Conciseness: reasons why you really definitely should probably be a little more careful about word choice to make sure that you’re not being completely redundant

—Contributed by Coty Barrett, Fiction Editor

As a general rule, if you can remove something without taking away from the meaning or comprehensibility of your writing, then you should do so. As a freshman in my first writing class, I quickly had this advice drilled into my head. It sounds like a straightforward rule, but it took me years to fully appreciate the importance of this advice.

 

Now, as fiction editor, one of the most off-putting things I can find in a submission is wordiness. I’ve turned down plenty of submissions that I wanted to accept, because while I enjoyed them, they could have gotten the same point across in half the space with clever editing.

 

I had to grapple with this issue as soon as my first submission in my first creative writing class. I had written three pages of what I planned to be a lengthy murder mystery. The intention of my submission was to act as a prologue for the rest of the story. It would show an incomplete perspective on the murder before leading into the bulk of the story, where new information would be revealed about that initial scene. When I got my story back, it had one piece of advice: “This all feels like background information. Try cutting out all of this and starting the story at the end of this scene.” This is a trap that I see many beginning writers fall into. When I realized that my professor was right, and I could easily remove all three pages, I felt like I had wasted my time.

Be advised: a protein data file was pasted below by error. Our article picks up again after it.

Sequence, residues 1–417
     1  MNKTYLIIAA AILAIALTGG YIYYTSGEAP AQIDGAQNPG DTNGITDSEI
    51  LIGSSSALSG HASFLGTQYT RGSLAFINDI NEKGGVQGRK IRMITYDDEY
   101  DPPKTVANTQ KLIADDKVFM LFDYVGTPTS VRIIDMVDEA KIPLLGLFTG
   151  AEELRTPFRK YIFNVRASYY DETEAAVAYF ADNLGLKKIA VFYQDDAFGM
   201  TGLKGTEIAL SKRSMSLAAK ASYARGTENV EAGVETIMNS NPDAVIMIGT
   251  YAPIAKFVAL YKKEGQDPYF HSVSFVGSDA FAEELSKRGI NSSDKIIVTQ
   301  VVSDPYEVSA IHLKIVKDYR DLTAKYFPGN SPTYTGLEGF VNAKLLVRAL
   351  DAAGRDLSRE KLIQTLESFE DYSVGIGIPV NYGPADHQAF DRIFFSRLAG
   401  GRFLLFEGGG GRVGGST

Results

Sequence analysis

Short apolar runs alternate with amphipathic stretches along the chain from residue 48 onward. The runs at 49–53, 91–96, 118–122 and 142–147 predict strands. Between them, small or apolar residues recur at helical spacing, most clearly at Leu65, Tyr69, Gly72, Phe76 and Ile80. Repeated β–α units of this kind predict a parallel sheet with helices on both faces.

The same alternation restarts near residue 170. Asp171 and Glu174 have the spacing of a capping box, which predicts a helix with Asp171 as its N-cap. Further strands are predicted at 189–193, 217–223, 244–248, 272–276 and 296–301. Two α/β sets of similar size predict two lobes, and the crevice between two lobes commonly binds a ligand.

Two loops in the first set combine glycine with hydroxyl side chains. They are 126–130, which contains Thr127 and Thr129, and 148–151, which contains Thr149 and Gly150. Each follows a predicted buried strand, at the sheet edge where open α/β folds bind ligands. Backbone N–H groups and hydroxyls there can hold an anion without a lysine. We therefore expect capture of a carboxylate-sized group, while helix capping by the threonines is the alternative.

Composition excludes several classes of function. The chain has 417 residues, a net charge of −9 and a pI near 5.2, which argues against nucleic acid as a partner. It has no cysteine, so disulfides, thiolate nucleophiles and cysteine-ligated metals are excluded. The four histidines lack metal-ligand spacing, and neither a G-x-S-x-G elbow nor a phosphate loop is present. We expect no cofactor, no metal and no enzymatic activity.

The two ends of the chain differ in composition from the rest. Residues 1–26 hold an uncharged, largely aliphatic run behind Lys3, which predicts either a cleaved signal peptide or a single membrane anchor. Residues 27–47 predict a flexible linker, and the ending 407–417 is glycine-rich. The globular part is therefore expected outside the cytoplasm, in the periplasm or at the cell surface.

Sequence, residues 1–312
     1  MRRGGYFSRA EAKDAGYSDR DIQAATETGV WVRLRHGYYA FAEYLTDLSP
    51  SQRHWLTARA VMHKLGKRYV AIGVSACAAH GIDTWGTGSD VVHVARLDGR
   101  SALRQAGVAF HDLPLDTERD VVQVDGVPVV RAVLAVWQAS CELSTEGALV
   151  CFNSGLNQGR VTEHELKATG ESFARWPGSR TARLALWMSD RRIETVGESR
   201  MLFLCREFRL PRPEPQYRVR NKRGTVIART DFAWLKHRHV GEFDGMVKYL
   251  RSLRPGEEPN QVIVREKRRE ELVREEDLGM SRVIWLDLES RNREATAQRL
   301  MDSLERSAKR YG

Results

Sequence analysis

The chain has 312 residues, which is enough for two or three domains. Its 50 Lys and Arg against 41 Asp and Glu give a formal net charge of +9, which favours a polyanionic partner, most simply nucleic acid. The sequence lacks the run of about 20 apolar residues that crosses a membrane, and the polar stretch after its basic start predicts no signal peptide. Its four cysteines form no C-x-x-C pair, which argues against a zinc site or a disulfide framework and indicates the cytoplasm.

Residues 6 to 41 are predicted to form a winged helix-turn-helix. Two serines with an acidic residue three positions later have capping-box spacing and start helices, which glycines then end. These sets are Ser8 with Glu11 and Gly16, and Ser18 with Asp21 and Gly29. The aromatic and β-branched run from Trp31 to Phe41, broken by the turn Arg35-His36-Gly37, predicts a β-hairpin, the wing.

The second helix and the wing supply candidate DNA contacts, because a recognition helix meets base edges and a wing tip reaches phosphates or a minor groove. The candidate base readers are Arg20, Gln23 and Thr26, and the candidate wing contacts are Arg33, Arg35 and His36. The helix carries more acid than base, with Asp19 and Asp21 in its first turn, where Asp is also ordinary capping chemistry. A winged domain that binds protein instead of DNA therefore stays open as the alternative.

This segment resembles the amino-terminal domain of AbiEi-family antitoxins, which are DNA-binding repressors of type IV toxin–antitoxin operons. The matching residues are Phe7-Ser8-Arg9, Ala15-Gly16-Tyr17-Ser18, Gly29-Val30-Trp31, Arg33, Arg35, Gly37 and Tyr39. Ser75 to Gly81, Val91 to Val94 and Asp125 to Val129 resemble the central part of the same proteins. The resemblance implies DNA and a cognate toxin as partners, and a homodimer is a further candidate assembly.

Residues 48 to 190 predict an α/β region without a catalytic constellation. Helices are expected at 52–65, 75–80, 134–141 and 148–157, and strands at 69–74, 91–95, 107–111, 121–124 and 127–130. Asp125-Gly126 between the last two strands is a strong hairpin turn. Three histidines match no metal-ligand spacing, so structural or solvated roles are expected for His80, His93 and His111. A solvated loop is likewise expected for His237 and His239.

That same professor, and so many others, have often repeated the phrase “to write is human, to edit is divine.” This attitude toward writing intimidated me as a budding writer in my freshman year. It felt like professors wanted to stifle my creativity by telling me that my style of writing was wrong, so I pushed against this lesson for a while. Looking back, I see that the point of this advice wasn’t to alter my style, but to turn it into a more appealing version of itself.

 

 

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